Researchers who evaluated safety reports on erenumab, galcanezumab, and fremanezumab reported in Cephalalgia that they did not find specific maternal toxicities, patterns of major birth defects, or increased reporting of spontaneous abortion, but noted that continuous surveillance is critical for pregnant and lactating patients who use these drugs. They added that more research is needed before determining the drugs’ safety in pregnancy.
Study researchers sought to further evaluate the safety of erenumab, galcanezumab, and fremanezumab, which were recently approved for the prevention of episodic and chronic migraine. Although these drugs have a particularly long half-life that could result in fetal exposure in women who become pregnant while using them, they are limited in safety data for this population. Calcitonin gene-related peptide (CGRP) is also involved in regulating utero-placental blood flow and uterine relaxation, according to animal studies.
Safety reports of suspected adverse drug reactions involving the 3 drugs (50 associated with erenumab, 31 with galcanezumab, and 13 with fremanezumab) and pregnancy or lactation were collected from VigiBase from the database’s inception through December 2019. To perform a disproportionality analysis, study researchers also retrieved safety reports of all other drugs, excluding the previous 3, from this database over the same period for females aged between 14 and 46 years.
Study researchers conducted a case-by-case assessment of the reported adverse drug reactions (ADRs) and the co-reported drugs, evaluating their association with ADR onset and whether the diseases for which they were prescribed were per se risk factors for complications during pregnancy and lactation.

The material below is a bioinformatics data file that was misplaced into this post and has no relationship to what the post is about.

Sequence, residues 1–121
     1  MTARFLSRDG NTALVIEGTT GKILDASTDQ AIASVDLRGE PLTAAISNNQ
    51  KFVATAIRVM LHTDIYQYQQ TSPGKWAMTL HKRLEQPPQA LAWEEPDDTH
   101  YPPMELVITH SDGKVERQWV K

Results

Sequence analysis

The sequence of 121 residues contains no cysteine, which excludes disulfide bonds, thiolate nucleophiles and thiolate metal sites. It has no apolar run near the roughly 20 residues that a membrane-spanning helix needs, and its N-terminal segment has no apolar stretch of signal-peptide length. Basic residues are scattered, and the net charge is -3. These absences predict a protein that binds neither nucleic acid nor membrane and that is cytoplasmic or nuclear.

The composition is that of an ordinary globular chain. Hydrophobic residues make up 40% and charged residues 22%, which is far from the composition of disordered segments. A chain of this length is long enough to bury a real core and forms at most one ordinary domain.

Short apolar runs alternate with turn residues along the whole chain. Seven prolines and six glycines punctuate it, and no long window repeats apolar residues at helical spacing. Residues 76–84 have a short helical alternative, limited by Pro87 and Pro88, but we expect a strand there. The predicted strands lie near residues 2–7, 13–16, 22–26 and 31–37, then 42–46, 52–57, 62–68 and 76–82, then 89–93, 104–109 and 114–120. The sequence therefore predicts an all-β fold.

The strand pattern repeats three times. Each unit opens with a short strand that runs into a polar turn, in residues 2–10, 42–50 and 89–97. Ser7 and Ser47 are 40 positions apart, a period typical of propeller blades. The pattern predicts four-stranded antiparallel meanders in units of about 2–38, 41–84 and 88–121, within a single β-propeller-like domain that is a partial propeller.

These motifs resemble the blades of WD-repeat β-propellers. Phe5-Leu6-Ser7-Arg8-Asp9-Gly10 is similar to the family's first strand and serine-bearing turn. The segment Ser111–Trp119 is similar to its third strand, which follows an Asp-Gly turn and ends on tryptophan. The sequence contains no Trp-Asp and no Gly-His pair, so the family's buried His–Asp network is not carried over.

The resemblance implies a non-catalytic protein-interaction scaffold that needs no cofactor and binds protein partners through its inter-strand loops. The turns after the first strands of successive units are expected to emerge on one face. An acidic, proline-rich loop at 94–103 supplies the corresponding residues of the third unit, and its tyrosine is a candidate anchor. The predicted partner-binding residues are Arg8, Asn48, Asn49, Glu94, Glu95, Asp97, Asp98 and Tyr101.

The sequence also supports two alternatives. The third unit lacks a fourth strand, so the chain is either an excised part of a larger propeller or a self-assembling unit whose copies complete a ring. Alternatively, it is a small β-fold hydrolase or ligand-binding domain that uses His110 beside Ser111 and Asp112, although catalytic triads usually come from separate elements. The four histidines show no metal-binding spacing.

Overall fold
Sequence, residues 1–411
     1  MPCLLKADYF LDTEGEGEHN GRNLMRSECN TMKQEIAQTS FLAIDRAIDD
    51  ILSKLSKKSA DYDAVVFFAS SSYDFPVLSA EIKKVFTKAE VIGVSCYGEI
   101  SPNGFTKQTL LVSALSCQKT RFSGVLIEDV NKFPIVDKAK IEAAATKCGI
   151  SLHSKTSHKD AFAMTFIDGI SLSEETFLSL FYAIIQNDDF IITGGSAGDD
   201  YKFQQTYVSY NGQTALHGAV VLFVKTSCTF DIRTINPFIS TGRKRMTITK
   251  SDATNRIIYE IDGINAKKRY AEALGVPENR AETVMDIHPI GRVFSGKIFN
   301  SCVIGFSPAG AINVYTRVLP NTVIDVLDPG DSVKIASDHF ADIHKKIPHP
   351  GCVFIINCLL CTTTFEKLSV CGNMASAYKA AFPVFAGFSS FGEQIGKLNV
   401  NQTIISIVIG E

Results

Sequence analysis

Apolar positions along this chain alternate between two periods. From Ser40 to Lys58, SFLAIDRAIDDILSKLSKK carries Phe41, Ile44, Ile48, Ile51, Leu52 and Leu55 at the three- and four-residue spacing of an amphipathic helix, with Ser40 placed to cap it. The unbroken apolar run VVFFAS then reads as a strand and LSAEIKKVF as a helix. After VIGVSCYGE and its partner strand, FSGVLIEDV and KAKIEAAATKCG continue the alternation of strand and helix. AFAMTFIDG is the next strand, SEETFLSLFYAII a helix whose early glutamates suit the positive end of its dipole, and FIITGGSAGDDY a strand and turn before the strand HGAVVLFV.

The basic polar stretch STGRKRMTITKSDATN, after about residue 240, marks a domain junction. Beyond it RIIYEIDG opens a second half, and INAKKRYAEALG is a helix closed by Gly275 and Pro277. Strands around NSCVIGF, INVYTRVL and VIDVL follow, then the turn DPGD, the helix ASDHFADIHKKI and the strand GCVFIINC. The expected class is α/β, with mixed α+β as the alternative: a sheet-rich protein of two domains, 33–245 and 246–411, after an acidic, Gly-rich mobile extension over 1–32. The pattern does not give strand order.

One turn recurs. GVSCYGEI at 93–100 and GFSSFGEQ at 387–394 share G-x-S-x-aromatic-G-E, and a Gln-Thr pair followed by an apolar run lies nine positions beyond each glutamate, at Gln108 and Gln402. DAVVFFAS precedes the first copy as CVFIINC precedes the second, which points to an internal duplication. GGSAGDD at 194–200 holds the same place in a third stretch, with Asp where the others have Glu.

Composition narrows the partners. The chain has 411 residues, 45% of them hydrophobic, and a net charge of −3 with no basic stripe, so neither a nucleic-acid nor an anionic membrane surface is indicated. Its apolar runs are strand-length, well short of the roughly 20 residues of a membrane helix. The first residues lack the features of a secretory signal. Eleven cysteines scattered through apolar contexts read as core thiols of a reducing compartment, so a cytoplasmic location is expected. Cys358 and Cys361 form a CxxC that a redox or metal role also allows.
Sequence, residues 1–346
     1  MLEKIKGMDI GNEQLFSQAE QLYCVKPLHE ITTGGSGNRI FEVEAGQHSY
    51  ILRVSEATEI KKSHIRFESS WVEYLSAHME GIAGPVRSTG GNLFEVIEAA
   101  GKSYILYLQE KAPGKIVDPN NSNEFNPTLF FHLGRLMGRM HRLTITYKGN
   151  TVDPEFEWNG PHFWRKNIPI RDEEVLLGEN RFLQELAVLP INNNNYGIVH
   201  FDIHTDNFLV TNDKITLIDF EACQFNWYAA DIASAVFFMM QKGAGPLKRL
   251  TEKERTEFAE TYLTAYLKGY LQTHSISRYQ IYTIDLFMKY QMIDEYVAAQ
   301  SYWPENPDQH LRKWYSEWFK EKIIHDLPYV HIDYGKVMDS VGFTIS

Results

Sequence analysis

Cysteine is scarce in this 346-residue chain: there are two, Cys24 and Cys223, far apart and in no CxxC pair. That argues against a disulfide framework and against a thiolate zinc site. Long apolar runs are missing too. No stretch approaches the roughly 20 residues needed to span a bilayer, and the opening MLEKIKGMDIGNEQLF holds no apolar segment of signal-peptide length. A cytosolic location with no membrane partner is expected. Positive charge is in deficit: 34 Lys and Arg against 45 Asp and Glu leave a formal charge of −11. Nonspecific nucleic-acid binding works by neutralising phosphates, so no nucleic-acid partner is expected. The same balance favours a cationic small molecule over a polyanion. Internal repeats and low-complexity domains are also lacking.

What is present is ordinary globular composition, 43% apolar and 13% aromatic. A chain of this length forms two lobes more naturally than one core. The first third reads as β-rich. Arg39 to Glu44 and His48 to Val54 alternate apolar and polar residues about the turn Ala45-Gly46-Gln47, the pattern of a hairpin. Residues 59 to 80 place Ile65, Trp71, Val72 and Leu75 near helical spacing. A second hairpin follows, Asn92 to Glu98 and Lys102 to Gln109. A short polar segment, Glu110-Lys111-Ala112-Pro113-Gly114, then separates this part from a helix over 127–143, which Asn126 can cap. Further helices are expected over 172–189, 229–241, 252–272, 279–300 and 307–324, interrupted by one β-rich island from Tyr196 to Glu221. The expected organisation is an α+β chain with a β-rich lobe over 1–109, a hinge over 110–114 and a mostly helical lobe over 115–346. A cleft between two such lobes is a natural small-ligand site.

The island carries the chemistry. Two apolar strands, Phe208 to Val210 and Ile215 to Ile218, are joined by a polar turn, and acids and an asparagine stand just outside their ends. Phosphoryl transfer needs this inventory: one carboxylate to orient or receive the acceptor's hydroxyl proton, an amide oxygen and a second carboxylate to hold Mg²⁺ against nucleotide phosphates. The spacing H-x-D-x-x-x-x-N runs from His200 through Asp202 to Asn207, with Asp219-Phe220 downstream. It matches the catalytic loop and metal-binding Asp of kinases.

Exposure to erenumab, galcanezumab, or fremanezumab occurred before pregnancy in 5 safety reports, during pregnancy in 85 reports, during lactation in 1 report, via paternal exposure in 1 report, and was unknown regarding exposure time in 2 reports. 51 safety reports reported 1 drug exposure, and 43 reported 47 ADRs affecting either mother or fetus.
Findings indicated numerous ADRs, including 15 reports of 18 maternal toxicities, 1 report of poor breastfeeding, 23 of spontaneous abortions, 3 of pre-term birth/premature birth, and 2 of birth defects. The birth defects reported included 1 case of anencephaly with erenumab and one case of renal aplasia and gastroesophageal reflux disease with fremanezumab. Compared with the full database (reporting odds ratio 1.46, 95% CI 0.97-2.20), there was no indication of disproportionate reporting for spontaneous abortion with erenumab, galcanezumab, or fremanezumab.
Limitations of the study included the limited number of safety reports analyzed, the different mechanisms of the 3 drugs (which consequently may not share an identical safety profile), and possible dilution or notoriety bias due to the potentially high event reporting variability of spontaneous reporting.
The study researchers concluded, “Because of the relatively limited number of ADRs reported, the lack of long-term safety data and the lack of reversal strategies for these antibodies and their clinical effects, continuous surveillance is required in pregnant and lactating women exposed to these drugs.” They added that “more representative database analyses and pharmacoepidemiological studies are warranted prior to determining erenumab, galcanezumab, and fremanezumab safety in pregnancy.”
Noseda R, Bedussi F, Gobbi C, Zecca C, Ceschi A. Safety profile of erenumab, galcanezumab and fremanezumab in pregnancy and lactation: Analysis of the WHO pharmacovigilance database. Cephalalgia. Published online January 12, 2021. doi:10.1177/0333102420983292